Charming at times yet brutal in its honesty LEAVING LAS VEGAS is ultimately a graphic and depressing love story. There is no hope for redemption here and John O'Brien makes no apologies for it. Having committed suicide soon after the movie rights to this book were sold, many consider LLV to be his suicide note to the world. However this is also a beautiful and compulsively readable masterpiece. Exploring the dark depths of alcoholism, the needy loneliness of prostitution and the unconditional love between two lost souls.

LLV is told in 4 sections. Alternating between Sera, a content yet increasingly jaded hooker and Ben an alcoholic on one final bender. We also get to meet Al (unlike the movie) Sera's violent and broken former pimp who's hoping to reclaim what was his. I will admit to having a bit of trouble following the story in the beginning as I got used to O'Brien's style of writing. He tended to jump between the past and present in a pretentious manner that was very hard to keep track of. In these beginning chapters we watch Sera go about her daily routine and witness some of the harshest and most shocking moments in the book.

Section 2 traces Ben as he ties up the loose ends of his former life in California and prepares to drink himself to death in Las Vegas. Ben never makes excuses for being an alcoholic, the issue is completely irrelevant to him he just shows us what it takes to get through the day as one. With his alcoholism progressing Ben has become a time keeper; when do the bars open? When do they close? Which stores sell liquor? How much will he need to see him through the night? And how the hell did he get home? It's all quite exhausting and he knows he doesn`t have much time left.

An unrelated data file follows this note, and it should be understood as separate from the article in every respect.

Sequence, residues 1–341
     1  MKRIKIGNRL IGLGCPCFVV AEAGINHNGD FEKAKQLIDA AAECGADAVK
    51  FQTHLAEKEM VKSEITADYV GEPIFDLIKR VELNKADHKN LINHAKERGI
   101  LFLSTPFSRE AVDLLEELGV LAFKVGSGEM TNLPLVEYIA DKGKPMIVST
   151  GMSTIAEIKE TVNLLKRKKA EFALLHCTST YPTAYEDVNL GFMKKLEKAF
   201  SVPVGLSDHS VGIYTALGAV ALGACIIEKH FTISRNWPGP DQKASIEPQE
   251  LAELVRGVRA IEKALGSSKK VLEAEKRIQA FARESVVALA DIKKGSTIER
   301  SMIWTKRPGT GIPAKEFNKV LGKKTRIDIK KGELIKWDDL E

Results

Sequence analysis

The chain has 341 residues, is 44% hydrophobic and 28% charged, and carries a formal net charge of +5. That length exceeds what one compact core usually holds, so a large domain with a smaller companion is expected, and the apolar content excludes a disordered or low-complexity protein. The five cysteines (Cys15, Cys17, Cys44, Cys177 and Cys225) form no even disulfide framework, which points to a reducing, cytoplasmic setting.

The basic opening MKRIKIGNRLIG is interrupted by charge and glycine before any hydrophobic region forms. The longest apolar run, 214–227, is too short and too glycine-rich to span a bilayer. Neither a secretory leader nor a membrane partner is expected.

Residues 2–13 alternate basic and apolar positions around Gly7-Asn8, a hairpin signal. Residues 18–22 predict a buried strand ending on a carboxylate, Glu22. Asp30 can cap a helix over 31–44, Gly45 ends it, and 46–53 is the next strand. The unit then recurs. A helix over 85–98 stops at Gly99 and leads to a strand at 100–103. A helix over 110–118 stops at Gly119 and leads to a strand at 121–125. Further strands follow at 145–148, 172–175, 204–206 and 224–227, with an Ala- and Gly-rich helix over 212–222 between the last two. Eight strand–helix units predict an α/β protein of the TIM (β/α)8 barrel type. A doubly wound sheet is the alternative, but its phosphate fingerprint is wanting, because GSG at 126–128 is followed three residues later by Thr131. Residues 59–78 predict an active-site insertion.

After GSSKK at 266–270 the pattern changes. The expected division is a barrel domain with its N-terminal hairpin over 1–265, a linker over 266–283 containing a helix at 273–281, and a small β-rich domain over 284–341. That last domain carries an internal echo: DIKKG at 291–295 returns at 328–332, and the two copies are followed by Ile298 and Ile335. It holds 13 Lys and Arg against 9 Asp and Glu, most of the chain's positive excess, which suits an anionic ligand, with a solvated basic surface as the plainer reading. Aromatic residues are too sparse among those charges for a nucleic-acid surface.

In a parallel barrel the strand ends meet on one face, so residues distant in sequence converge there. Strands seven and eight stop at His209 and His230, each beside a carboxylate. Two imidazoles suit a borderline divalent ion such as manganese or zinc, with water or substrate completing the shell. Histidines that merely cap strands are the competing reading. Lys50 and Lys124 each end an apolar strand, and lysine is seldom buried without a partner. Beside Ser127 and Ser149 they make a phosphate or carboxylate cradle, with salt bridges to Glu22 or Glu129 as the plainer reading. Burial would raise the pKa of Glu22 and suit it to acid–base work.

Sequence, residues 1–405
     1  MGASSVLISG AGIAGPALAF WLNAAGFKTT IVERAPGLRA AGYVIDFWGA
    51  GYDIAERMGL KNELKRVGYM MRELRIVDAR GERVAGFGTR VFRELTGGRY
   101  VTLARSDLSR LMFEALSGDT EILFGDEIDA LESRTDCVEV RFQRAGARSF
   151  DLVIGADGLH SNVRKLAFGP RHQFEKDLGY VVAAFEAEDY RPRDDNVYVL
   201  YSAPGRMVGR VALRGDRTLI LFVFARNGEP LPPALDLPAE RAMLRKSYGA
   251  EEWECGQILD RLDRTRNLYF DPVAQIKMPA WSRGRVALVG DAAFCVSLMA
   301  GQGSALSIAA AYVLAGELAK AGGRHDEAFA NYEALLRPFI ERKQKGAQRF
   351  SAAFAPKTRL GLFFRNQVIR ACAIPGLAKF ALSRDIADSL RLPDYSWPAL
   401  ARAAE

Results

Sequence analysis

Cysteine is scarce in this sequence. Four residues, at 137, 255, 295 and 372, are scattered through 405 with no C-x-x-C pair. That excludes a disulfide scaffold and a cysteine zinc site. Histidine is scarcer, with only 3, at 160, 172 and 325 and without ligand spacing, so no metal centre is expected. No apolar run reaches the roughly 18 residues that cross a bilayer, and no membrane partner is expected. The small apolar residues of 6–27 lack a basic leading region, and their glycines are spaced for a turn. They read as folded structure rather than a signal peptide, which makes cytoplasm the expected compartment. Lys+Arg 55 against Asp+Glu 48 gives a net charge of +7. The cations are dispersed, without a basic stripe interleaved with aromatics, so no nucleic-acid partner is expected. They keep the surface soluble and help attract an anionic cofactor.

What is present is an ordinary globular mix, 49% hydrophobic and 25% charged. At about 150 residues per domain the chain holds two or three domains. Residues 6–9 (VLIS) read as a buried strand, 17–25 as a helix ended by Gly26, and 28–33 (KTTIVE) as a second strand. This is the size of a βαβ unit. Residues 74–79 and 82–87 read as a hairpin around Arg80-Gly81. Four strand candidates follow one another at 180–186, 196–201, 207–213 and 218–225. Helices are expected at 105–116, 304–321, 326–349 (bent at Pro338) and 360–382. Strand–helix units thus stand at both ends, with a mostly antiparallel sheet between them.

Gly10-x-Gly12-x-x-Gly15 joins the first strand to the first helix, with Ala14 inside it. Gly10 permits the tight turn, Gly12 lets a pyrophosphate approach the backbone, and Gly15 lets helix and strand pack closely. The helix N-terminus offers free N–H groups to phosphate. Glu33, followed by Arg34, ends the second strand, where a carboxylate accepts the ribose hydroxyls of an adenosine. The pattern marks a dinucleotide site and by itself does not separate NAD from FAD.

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11 of 13 people found the following review helpful By A Customer on April 28, 1999
Format: Paperback
"Leaving Las Vegas" is a dark tale that is not meant for the timid reader. It is real, it is gritty, it is graphic, it is depressing, and it is beautiful all at the same time. This book seriously deserved more credit than it recieved in its year of release, for it is a beautifully written account of unconditional love and loss in Sin City. Compulsively readable, and shatteringly honest, this is a book that will stay with you because of its frank and gorgeous language.
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7 of 8 people found the following review helpful By A Customer on June 29, 1998
Format: Hardcover
I heard once that John O'Brien's father called this novel a suicide note from his son. It's hard to seperate the two character's paths of destruction from the author's own suicide. A stunning first book, though. O'Brien had a wonderful command of the language. His talent makes his own fate that much harder to take. This book lingers with you long after the last page.
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8 of 10 people found the following review helpful By Adam Bernstein on March 4, 2003
Format: Paperback
Leaving Las Vegas is a unique novel destined to (and already has) become a classic of American literature. It succeeds by forcing you to care on the deepest level about Nick and Sera, 2 of society's casualties. The narrative starts off with Sera, a Las Vegas hooker and O'brien's original writing style takes the 1st part of the book to get used to. We get inside 1st Sera's mind and later Nick's, a man who has given up on life and arrives in Vegas to literally drink himself to death.
Camus has said that a good book doesn't give every detail of a life, but rather implies the whole by focusing on a significant part. This novel implies alot that it never goes into. It implies 2 lives with intricate and tragic pasts, that converge in a city at the last possible moment. Nick's line that he forgot why he wants to die, he just knows that he wants to implies or inspires a whole tragic past the reader must manifest in his/her own mind. Sera's need for love with Nick as the vehicle implies the tragedy of a loveless past of prostitution. Both have taken wrong turns in life and ended up here in Vegas.
To me this novel is not about alchoholism or prostitution on any level but the surface. It's about tragedy, loss, despair, love, injustice. The author's suicide can only imply a few things. 1, he got so much into the characters he created he sank into those characters' despair himself and/or 2, this was too autobiographical to deal with it becoming so big (major film and all that), and/or 3, alchoholism....but most alchoholics don't die at 34, especially when as successful as O'brien.
The final part of the book, though, seems abbreviated too much. We get many short vignettes toward the end (half of the film only uses about the final 10 pages). Therefore, my only criticism is that the book is too short.